The implementation of initiatives to develop public-private partnerships in the energy sector is a powerful incentive for economic growth, along with attracting foreign investment. The government of Uzbekistan has initiated a broad energy strategy to increase the share of renewable energy production to 5 GW over the next 10 years. As part of these reforms, the government engaged the International Finance Corporation (IFC), a member of the World Bank Group, as a lead transaction consultant for the construction of a 1250-1500 MW CCGT plant in Syrdarya. The Government is also working with the Asian Development Bank and the European Bank for Reconstruction and Development in developing projects in the renewable energy sector as well as in transport, education and water supply and sewerage sectors.
Our interview with the adviser of the PPP Development Agency under the Ministry of Finance of the Republic of Uzbekistan, Mr. Syed Uddin, who kindly agreed to answer the questions of the Editorial Board of the magazine “EBU”.
– Mr. Uddin, our country has recently entered the path of developing the PPP system and is currently in the process of improving the policy, legal and institutional framework to encourage the participation of the private sector in the effective implementation of various projects. What are the prospects for developing this form of partnership in Uzbekistan?
– Uzbekistan is very well placed to develop a successful PPP programme. The government has clearly set out its strong commitment to PPPs; the PPP Law has been enacted; a dedicated agency, the PPP Development Agency, has been established to facilitate and champion the PPP programme, a robust pipeline of PPP projects has been developed and government is committed to enhancing the investment climate for investors. Therefore, many of the key requirements to develop a successful PPP programme are already in place; as capability and capacity expand and transaction experience is developed, I believe that Uzbekistan could become one of the leading PPP destinations.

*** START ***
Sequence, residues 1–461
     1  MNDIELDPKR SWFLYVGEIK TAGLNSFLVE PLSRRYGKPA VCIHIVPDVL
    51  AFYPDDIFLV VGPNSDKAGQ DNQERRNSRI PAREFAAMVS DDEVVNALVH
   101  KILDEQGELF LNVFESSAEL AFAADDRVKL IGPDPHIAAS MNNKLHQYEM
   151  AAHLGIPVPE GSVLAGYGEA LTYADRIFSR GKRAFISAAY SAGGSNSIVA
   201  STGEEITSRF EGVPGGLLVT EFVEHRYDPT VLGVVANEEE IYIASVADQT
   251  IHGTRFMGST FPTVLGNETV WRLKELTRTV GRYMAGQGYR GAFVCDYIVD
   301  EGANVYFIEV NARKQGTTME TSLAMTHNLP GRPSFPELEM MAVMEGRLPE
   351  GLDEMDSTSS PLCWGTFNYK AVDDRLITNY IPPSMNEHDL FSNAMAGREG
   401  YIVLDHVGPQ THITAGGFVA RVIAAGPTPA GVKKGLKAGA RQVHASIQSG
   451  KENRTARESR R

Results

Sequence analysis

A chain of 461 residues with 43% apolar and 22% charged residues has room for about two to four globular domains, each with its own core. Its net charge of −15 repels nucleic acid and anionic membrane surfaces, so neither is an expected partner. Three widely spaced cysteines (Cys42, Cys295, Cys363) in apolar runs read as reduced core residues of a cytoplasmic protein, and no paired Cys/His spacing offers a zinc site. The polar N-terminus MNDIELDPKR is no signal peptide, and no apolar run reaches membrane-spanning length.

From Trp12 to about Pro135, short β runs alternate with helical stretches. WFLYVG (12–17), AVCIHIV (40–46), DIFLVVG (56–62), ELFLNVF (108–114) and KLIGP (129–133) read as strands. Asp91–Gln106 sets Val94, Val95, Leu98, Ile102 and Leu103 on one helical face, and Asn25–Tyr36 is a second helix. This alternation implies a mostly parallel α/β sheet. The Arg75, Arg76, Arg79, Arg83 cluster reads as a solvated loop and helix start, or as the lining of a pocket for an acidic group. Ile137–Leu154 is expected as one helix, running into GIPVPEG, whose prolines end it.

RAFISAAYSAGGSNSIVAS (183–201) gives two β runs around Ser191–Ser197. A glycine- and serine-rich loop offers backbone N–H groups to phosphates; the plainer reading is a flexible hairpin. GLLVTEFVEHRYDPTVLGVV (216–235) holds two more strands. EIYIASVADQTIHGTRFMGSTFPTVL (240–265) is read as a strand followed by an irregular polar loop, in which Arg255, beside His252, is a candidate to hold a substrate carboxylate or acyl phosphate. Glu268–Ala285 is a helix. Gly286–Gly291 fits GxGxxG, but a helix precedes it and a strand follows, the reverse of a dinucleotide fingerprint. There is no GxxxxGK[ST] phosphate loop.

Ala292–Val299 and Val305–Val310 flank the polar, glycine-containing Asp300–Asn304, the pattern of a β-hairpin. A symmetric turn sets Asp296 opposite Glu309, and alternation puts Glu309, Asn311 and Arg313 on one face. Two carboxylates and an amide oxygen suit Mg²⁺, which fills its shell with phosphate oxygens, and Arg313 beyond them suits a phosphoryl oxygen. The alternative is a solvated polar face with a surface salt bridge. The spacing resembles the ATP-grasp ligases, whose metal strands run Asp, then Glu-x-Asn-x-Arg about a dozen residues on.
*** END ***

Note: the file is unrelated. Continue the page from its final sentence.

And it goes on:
– In which areas is public-private partnership developing most actively in Uzbekistan today?
– The power sector has the largest numbers of projects currently in stages of procurement and contract award, however, in projects Public-Private Partnerships are used by governments to access private sector financing and expertise in order to expand the availability of public sector services and deliver quality services on a sustainable basis. Therefore, the primary focus is to ensure that government can accelerate provision of infrastructure based public services for the benefit of its citizens.
– Can you please tell us what public-private partnership is in the practical sense?
Through PPPs, government will enter into a long term contract to allocate the associated risks and responsibility of developing, constructing, financing, maintaining and operating infrastructure assets, or different combinations of these responsibilities, to the private sector to ensure the delivery of services to the public. Government will oversee the performance of the private sector in the delivery of these services to ensure that their contractual obligations are being met and that the citizens receive the service that the government had envisaged.
– What are the features of concluding agreements between the state and private partners, the mechanism of their interaction, and who is the winner in the end?
– The mechanisms for concluding agreements between the state and the private partners are set out in the Public-Private Partnership Law enacted on 3 May 2019 (‘PPP Law’) and other supporting government decrees and resolutions.
You can read the whole interview in the printed version of the magazine.